The hardships and poverty of my youth had been a good apprenticeship for this form of travel. I had been brought up to understand that material possessions and physical comfort should never be confused with success, achievement and security.[3]

Murphy published an autobiography Wheels within Wheels in 1979, describing her life before the journey described in Full Tilt.

Travels and writing[edit]

Full Tilt and other early writings[edit]

In 1963 Murphy set off on her first long-distance bicycle tour, a self-supported trip from Ireland to India. Taking a pistol along with other equipment aboard her Armstrong Cadet men's bicycle (named Rozinante in allusion to Don Quixote's steed, and always known as Roz), she passed through Europe during one of the worst winters in years. In Yugoslavia, Murphy began to write a journal instead of mailing letters. In Iran she used her gun to frighten off a group of thieves, and "used unprintable tactics" to escape from an attempted rapist at a police station. She received her worst injury of the journey on a bus in Afghanistan, when a rifle butt hit her and fractured three ribs; however, this only delayed her for a short while. She wrote appreciatively about the landscape and people of Afghanistan, calling herself "Afghanatical" and claiming that the Afghan "is a man after my own heart". In Pakistan, she visited Swat (where she was a guest of the last wali, Miangul Aurangzeb) and the mountain area of Gilgit. The final leg of her trip took her through the Punjab region and over the border to India towards Delhi. Her journal was later published by John Murray as her first book Full Tilt: Ireland to India With a Bicycle.[4]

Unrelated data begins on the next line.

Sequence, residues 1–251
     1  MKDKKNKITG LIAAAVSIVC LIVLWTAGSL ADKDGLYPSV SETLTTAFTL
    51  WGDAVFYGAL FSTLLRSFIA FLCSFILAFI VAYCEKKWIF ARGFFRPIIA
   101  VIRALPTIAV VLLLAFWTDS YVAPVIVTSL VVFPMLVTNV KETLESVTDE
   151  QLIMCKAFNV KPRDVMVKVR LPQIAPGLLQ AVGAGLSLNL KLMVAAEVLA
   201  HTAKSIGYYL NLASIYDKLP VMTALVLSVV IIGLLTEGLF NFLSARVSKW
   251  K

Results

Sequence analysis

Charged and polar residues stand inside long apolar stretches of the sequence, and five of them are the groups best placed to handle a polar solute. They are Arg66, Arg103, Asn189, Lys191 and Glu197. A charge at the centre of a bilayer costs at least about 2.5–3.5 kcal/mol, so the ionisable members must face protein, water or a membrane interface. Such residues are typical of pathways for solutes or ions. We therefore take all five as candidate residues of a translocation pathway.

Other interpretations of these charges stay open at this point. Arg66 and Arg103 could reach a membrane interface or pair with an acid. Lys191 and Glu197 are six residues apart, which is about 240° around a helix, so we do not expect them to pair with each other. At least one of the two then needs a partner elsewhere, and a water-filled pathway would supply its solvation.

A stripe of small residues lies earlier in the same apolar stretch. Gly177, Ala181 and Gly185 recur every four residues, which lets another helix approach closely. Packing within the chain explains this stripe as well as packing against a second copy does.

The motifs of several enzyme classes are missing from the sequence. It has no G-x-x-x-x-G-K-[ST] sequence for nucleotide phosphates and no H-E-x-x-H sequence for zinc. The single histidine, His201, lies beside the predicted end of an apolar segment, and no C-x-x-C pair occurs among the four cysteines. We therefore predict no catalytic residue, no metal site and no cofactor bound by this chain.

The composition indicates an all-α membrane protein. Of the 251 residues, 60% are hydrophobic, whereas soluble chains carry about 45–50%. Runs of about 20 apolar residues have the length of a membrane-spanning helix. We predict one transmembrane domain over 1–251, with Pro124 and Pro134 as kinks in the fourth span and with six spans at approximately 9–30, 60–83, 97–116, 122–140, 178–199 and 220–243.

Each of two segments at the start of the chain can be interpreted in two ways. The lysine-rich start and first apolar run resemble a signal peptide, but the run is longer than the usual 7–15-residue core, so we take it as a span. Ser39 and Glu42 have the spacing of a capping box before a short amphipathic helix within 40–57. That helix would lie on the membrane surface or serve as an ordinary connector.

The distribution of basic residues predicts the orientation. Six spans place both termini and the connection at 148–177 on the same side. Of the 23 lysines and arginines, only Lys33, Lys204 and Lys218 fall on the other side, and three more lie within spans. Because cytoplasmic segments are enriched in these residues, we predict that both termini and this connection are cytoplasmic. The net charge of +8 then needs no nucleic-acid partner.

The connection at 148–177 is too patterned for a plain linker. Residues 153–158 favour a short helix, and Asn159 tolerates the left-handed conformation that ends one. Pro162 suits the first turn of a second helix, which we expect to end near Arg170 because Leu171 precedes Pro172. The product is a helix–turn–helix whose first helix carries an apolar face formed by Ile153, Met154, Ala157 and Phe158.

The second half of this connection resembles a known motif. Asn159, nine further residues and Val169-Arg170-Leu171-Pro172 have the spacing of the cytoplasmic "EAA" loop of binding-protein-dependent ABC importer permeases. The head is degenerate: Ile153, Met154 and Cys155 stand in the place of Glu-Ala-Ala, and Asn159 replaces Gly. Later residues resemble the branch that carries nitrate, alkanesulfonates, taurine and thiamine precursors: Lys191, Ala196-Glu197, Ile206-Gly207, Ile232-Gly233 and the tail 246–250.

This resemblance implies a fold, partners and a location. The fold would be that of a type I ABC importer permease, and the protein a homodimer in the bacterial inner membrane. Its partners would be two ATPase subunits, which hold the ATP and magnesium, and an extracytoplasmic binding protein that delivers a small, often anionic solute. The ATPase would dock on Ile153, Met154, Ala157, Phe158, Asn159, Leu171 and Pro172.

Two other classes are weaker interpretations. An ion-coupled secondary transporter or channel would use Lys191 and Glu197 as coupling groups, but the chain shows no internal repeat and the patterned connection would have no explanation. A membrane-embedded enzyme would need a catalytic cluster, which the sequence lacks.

After arriving in Delhi, Murphy worked as a volunteer helping Tibetan refugees under the auspices of Save the Children. She spent five months in a refugee camp in Dharamsala run by Tsering Dolma, sister of the 14th Dalai Lama. She then cycled through the Kullu Valley, spending Christmas in Malana. Her journals from this period were published in her second book, Tibetan Foothold.

On returning to Europe, Murphy took part in a fundraising campaign for Save the Children,[3] and in 1965 she worked with another group of Tibetan refugees in Pokhara, Nepal (described in The Waiting Land).

In 1966 Murphy made her first trip to Africa. She travelled to Ethiopia and walked with a pack mule from Asmara to Addis Ababa, confronted by Kalashnikov-carrying soldiers on the way. This journey was described in her fourth book, In Ethiopia with a Mule.

Travels with Rachel[edit]

Murphy's daughter Rachel accompanied her on a trip to India at the age of five; they flew into Bombay and travelled to Goa and Coorg (described in On a Shoestring to Coorg). The pair later journeyed to Baltistan (Where the Indus is Young), Peru (Eight Feet in the Andes) and Madagascar (Muddling through in Madagascar). Their last trip was through Cameroon on a horse, where Dervla was frequently mistaken for Rachel's husband (Cameroon with Egbert).

On travelling with a child, she wrote:

A child's presence emphasises your trust in the community's goodwill. And because children pay little attention to racial or cultural differences, junior companions rapidly demolish barriers of shyness or apprehension often raised when foreigners unexpectedly approach a remote village.[5]